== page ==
But, objectively looking at the weather maps, we can fairly safely say – starting today – we’ve turned the corner. Winter is dead.
How do we define the end of winter in our region?
* No identifiable threat of accumulating snow in long-range forecasts that could remain on the ground for 12 hours or more
* No identifiable threat of a cold weather lasting more than 48 hours when we define cold weather as highs in the 40s (or colder) and lows below freezing in Washington, D.C. (as measured at Reagan National Airport).
If you like spring, the forecast for next week – once we get beyond the poorly-timed rainy weekend (Sunday afternoon/evening may be quite raw) – is a thing of a beauty.
Here’s the output from the GFS model (below) – highs in the 60s to low 70s throughout the work week with lows well above freezing:
Take a look at forecast highs across the region next Wednesday afternoon (below). They look pretty inviting:
When we examine simulations of the GFS model 16-days into the future for Reagan National Airport we see highs mostly in the 50s and 60s. The chart below is complicated (and busy) but just focus on the red line toward the bottom, which represents freezing, and the black line which is the temperature forecast (from the operational GFS model). Notice how black line indicating the temperature forecast stays above the red line for the entirety of the next 16 days (although there are a couple of outlier simulations from members of the GFS “ensemble” that touch freezing as indicated by the long blue line segments or “whiskers”).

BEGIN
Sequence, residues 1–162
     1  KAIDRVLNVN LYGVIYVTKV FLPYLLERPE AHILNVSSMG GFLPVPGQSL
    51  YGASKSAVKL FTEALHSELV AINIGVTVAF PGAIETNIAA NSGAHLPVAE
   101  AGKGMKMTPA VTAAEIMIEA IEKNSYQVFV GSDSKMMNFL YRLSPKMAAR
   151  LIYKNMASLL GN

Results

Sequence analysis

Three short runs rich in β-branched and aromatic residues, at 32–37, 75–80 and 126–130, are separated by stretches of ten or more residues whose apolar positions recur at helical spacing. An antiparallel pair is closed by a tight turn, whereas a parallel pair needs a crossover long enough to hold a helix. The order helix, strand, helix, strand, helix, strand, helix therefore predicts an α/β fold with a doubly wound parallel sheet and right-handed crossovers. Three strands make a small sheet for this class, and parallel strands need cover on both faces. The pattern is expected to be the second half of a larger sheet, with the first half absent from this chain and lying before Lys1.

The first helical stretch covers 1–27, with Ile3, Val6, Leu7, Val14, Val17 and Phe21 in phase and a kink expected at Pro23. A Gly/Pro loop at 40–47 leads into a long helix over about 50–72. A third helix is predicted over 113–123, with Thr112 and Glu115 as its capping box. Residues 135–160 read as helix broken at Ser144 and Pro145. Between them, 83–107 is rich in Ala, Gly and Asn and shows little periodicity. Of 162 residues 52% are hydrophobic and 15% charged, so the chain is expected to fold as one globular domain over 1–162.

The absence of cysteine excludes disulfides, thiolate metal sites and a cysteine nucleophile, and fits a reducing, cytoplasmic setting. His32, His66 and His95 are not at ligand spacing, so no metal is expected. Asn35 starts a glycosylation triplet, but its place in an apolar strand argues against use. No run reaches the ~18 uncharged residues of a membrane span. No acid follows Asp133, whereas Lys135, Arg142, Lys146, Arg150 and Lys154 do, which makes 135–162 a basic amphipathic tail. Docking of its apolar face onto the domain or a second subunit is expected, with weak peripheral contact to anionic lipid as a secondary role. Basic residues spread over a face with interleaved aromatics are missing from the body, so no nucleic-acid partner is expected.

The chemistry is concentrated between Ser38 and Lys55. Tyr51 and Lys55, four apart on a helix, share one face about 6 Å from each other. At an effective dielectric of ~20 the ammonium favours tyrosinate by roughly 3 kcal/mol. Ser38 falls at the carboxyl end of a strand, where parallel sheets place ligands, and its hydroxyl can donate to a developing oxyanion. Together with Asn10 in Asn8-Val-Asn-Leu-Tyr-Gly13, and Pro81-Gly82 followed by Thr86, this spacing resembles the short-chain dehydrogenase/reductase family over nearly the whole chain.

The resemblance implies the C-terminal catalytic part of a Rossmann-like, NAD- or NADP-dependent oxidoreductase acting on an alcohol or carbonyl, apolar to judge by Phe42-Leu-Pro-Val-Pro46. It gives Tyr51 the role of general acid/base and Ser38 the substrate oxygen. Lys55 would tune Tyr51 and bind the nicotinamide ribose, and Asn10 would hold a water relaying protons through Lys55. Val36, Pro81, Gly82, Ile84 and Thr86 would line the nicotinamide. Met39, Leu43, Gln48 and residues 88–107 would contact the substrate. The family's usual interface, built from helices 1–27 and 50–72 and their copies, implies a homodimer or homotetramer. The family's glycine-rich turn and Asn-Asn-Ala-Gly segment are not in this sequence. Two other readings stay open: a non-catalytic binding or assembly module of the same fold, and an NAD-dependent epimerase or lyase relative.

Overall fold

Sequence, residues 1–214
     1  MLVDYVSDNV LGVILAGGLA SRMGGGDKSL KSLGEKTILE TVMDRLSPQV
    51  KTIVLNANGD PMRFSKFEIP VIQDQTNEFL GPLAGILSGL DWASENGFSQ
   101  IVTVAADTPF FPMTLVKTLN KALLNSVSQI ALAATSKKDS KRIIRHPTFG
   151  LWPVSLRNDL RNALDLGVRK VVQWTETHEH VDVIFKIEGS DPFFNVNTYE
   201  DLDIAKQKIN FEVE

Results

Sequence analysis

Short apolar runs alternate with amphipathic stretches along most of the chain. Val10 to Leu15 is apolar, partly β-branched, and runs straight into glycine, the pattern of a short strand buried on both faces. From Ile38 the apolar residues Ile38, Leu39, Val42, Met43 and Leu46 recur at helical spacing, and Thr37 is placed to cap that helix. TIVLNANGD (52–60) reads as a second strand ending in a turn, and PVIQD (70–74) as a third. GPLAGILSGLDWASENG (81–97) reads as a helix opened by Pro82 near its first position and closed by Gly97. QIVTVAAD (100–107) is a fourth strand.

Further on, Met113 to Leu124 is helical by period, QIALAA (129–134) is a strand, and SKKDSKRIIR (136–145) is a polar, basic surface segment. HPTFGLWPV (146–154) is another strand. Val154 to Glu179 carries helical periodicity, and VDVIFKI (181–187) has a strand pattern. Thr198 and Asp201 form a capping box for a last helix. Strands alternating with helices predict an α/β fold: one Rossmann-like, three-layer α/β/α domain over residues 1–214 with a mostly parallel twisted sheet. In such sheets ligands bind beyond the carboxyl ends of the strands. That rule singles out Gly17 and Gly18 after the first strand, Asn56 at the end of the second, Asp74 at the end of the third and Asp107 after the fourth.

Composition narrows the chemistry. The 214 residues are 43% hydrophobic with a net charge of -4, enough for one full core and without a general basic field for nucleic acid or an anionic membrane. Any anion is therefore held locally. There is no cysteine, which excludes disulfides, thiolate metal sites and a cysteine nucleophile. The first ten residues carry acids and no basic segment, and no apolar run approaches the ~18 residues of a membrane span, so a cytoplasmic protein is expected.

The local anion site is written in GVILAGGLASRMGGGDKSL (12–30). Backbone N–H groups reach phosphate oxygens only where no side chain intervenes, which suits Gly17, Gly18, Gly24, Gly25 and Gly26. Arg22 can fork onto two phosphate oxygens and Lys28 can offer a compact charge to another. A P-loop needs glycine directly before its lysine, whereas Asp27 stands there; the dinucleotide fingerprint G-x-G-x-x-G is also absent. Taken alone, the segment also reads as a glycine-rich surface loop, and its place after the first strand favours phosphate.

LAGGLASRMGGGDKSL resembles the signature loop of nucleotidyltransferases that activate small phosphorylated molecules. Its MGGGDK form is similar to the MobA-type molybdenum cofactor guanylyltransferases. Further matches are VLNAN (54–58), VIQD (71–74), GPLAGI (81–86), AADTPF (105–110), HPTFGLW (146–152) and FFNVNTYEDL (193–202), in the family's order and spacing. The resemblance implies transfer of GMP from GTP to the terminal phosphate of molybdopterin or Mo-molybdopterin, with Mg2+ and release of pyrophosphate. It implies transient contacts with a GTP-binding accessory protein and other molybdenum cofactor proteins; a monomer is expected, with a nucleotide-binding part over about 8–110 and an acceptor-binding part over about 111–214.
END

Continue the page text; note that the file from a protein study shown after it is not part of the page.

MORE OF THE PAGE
Before we get carried away with spring fever, two caveats:
1) The European model ensemble shows the potential for a brief bout of chilly weather around April 6
2) CWG’s Matt Rogers, who specializes in long-range forecasting, sees a return of colder than normal weather in mid-April with a chance of having a day or two in the 40s for highs and can’t even rule another chance for conversational (non-accumulating) flakes (20 percent chance). “I believe it will be a “slow spring” but you can safely say we’re departing winter now!,” says Rogers.
After the winter we’ve had – including 16 days with measurable snow, the first on December 8 and the last on March 25, I’m sure many of us will take a “slow spring” in a heart beat.
(Note: This is the first announcement in what we intend to make an annual tradition of announcing the end of winter in Washington. Hopefully, over time we’ll build a nice dataset)